SAK: “As I grew in my career I realized that one must also give back to the community. HOPE (Health Oriented Preventive Education) and Aga Khan Hospital were my first two NGOs that I got involved with. I am currently on the board of nine NGOs. The role I am trying to play is twofold. Firstly, I want to help raise funds for them, raise their awareness in our civil society and help organize fund raising events. The other is to guide them to keep transparency, to ensure there is no nepotism, to ensure adherence to corporate governance and auditing rules. I don’t belong to any NGO or personally run it, but I want these NGOs that I support to be sustainable because they are putting our poor and needy children in schools and giving free medical treatment to poor patients.”

As Chairman of the ABC Taxation Sub-committee, what are your views on improving Pakistan’s tax model?

SAK: “At the end of the day, just to put some facts on the ground, the best way to look at our taxation is from the tax to GDP ratio which is about 8%. Usually the figure for most countries is about 20-30%, India’s is at 15-16%. We are at 8%. Why is that? There is no discipline – nobody pays taxes from top to bottom. The situation is far worse because the 8% figure is just based on the organised economy, there is a huge unorganised economy. Indirect taxation is not a fair taxation system as poor people get hit more than the rich people because everybody is paying the same amount of tax. The real problem is that the richer people are not paying taxes. Some sectors such as agriculture sector, real estate sectors and our stock markets are not properly taxed. Taxation will never be fixed unless the government and our politicians become the real role models. Secondly, we need to control corruption as a lot of taxes are evaded because the taxes which are collected do not end up being utilised for the people. We need to bring discipline into this country as taxation is vital in helping the country develop its infrastructure, transport, railways and energy supply. In the ABC Taxation committee, we raise issues and anomalies in the taxation structure. For example, the first thing we push for every year is to expand the tax net and to lower the tax burden on the poor – instead tax the rich. I believe with the current culture, taxpayers should be incentivized. Taxpayers should be treated better than non-taxpayers. This can be achieved by giving taxpayer a special card through which they can get preferential treatment like a special line at the airport emigration or at NADRA or even discount on passport or driver license fees. They are given a sense of prestige to be tax payers. Interestingly, in the last budget former Finance Minister Dr. Hafeez Shaikh announced a taxpayer card which I strongly feel came out of the American Business Council’s proposal.”

You are also a respected author and lecturer, what drew you to writing and teaching?

SAK: “I realized as I was reading history books that history is remembered the way it is written, not the way it actually happened. We in Pakistan do not write much. If you go back into the history of Pakistan, when you talk to the people who lived through these events like my father, sometimes they give you very different perspectives which you have never read about before, because facts can be twisted. I am a very strong supporter of books and libraries. I also started writing because I feel I have so much to say.”

You have been a role model for so many people but who have been the role models in your career?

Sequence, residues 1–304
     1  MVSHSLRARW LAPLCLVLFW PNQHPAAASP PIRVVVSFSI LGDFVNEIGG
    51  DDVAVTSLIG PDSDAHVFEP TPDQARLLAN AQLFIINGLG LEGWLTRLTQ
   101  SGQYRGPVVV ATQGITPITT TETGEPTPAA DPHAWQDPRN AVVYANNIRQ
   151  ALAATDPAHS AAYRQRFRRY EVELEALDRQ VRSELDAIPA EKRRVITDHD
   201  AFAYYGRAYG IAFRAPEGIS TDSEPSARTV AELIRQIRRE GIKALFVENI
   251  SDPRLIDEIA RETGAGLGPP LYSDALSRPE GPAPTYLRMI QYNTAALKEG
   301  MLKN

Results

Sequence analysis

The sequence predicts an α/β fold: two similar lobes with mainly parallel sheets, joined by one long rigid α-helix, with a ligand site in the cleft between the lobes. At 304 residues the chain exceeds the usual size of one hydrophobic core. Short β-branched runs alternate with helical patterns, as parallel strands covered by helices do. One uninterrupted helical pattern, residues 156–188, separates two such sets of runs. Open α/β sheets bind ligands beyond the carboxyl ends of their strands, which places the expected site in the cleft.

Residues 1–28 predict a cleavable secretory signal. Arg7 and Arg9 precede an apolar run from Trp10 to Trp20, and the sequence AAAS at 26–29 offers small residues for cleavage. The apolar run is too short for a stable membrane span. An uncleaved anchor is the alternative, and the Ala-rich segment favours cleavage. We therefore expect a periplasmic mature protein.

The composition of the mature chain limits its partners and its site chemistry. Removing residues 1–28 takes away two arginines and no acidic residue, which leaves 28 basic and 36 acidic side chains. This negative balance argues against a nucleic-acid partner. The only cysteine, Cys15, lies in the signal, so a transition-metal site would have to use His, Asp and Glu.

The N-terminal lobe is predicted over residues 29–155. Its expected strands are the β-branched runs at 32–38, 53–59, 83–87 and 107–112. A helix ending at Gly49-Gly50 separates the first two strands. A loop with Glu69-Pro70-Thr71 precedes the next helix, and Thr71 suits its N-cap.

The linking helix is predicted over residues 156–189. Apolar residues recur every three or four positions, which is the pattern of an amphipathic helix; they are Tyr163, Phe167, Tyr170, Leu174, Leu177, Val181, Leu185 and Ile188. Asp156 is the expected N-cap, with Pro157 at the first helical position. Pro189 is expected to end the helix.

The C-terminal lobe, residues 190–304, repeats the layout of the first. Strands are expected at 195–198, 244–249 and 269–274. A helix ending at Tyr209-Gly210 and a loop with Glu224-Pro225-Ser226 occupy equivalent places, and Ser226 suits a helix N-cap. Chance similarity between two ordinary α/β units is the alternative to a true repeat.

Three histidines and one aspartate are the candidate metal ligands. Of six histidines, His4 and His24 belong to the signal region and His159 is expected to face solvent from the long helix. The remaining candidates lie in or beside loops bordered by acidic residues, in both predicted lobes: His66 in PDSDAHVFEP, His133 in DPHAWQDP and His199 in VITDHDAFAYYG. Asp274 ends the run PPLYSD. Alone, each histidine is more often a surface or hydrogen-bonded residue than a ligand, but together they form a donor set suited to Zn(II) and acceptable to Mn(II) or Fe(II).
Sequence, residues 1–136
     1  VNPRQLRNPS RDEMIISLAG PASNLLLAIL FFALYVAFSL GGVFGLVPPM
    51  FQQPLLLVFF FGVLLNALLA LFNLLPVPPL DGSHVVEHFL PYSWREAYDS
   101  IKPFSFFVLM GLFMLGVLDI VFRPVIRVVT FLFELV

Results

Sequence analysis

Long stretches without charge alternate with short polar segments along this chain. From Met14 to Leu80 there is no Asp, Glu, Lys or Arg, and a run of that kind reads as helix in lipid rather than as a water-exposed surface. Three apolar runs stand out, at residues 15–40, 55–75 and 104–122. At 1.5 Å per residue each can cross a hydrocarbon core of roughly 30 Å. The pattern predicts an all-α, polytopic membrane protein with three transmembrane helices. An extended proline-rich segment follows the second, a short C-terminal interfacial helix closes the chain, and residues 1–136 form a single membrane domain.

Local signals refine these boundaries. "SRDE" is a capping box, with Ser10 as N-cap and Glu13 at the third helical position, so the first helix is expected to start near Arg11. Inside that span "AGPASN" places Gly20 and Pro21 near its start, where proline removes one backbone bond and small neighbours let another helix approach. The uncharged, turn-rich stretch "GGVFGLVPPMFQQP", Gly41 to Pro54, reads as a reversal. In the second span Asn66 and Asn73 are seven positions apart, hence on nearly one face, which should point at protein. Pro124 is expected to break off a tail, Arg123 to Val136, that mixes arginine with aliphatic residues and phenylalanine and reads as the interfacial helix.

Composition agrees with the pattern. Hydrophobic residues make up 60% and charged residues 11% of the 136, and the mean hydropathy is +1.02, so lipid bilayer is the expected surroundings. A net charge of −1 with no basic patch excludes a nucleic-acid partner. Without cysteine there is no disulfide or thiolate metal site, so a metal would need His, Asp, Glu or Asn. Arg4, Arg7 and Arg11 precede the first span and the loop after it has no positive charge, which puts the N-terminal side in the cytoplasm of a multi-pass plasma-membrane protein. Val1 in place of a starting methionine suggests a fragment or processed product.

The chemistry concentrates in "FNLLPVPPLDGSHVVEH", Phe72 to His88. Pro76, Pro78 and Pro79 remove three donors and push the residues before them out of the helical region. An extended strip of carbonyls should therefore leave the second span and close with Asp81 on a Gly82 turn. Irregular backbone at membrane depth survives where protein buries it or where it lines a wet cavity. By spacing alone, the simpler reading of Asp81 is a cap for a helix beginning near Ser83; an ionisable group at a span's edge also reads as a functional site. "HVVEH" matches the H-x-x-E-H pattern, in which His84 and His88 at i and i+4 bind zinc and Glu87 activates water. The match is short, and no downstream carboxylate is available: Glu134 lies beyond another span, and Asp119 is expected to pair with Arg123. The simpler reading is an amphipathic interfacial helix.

SAK: “I don’t think I could state one person. I have had many bosses who I have learnt a lot from. But my real role model was my late father Air Commodore Amanullah Khan who passed away 10 years ago. He lived his life based on a set of strong values which he never compromised despite consequences. I am also inspired by our Quaid-e-Azam – what he said he meant. That is what we lack in our society today: we say something and do something else.”

What are your plans for the future?

“I have changed a lot over time. I am a very different person today to the person I was 15 years ago. A lot has to do with life experiences and the philanthropic work I am involved in. On the business side, I have created a very strong network of people. I am pursuing two projects with two different friends. One is to create sustainability within philanthropy; we are still working on the model where we are trying to work on creating an impact investment fund like Acumen Fund. You need to create some sort of return, and a business model around a social issue otherwise it will not be sustainable. Our ultimate goal is to create a sustainable endowment fund ideas for healthcare and schooling. The other is based on the whole-value driven ethical behavior idea. I sincerely believe that ethics is missing from our society and without ethics and honesty nothing is sustainable. Why do you think P&G just celebrated 175 years of existence and is present in over 200 countries? It is because they have a very strong ethos of Purpose, Values and Principles (PVP). It is very easy to say but is very difficult to live. I want to infuse the value-driven business model into new businesses and small and medium enterprises.”

Saad Amanullah Khan joined Gillette Pakistan in March 2007 as Chief Executive Officer. Before joining Gillette, Saad has worked in P&G for 20 years with assignments in Switzerland, Saudi Arabia and Pakistan. In P&G his last assignment was Deputy General Manager and Finance Manager P&G Pakistan. Saad graduated from the University of Michigan MBA graduate program in May 1987. Saad also has two engineering degrees. Saad is active on the social responsibility front and is the founding member of the Agha Khan’s Patient Welfare Committee He also is the President and founder of Helpers of HOPE, a committee to collect fund for the HOPE (Health Oriented Preventive Education). He is also on the Executive Board of Jinnah Hospital Patient Aid Foundation, Naya Jeevan (affordable health insurance), Lettuce Bee Kids (Street Children Rehabilitation), plus advisor to Teach for Pakistan, NOWPDP (handicap project), FESF (deaf school) and a few more. Saad also conceptualized, led and delivered Rs 1 billion from USAID to the Bolton Market victims in a total efficient and transparent form. Among other activities Saad is an active member of the American Business Council (ABC), a past President and currently Chairman of the ABC Taxation Sub-committee as well as member of the Overseas Investors Chamber of Commerce and Industry (OICCI) Executive Committee and Chairman of their Intellectual Property Rights Committee.